The U.S. grows and sells 1 billion pumpkins each year. When thrown into the trash they go into a landfill where they emit an enormous amount of methane gas - a potent greenhouse gas.
Composting is an excellent option, as it allows pumpkins to decompose naturally, enriching the soil and reducing methane emissions.
The National Wildlife Federation recommends cutting it up into pieces and leaving it in a composting area in your yard that animals cannot access. Covering with leaves helps the nutrients to soak into the soil.
Colorado Parks and Wildlife also has a page on how to dispose of pumpkins here.
Donate pumpkins to ranches - local ranches will take pumpkins as animal feed. However, if there is paint or wax on the pumpkin, the ranches won’t take it because it’s toxic to the animals. Try Peachy Farms in Parker for this.
Also - Nextdoor has several local people wanting pumpkins for their goats. Search Nextdoor for Theresa Garcia in Elizabeth (willing to pick up), Alexis S. on London Dr., Karen Cranham also on London Dr., Renae Friedrichs (London Dr.) or Veronica Bartlett in Little Parker.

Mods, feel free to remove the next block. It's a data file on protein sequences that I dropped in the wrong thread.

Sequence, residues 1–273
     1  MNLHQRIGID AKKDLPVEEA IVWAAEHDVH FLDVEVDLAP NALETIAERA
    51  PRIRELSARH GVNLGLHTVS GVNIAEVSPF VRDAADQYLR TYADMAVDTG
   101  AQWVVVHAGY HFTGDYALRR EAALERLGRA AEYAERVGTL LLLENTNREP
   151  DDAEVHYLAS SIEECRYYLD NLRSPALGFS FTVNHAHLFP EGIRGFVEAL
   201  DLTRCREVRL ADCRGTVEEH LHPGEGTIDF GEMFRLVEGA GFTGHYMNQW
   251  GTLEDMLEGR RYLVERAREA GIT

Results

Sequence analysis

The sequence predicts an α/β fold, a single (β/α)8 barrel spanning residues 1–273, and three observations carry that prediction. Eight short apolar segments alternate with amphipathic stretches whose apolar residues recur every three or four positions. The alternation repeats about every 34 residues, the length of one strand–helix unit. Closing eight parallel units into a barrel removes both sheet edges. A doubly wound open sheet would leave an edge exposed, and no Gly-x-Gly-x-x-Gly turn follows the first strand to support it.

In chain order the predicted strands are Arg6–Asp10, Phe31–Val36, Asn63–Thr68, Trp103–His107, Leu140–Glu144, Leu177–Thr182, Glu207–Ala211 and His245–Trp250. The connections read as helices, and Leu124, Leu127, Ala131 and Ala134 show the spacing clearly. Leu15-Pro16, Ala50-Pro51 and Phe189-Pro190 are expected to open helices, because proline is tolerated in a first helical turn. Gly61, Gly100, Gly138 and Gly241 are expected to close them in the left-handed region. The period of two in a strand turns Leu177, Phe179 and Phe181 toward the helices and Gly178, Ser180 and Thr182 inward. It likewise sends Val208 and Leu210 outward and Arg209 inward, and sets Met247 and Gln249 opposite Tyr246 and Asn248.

- Leave out your pumpkin for wildlife or feed it to wildlife
Though some people create “snack-o’-lanterns” to feed critters such as birds and squirrels, be aware that leaving your pumpkin out can attract unwanted wildlife as well. Bears are especially attracted to pumpkins as they are looking to add on a few more pounds before the winter season.
Use these tips to sustainably dispose of your pumpkin, but keep in mind that with Thanksgiving right around the corner, pumpkin pie is also a good option.
By being mindful of how we handle pumpkins after use, we can help reduce the environmental impact of this seasonal fruit.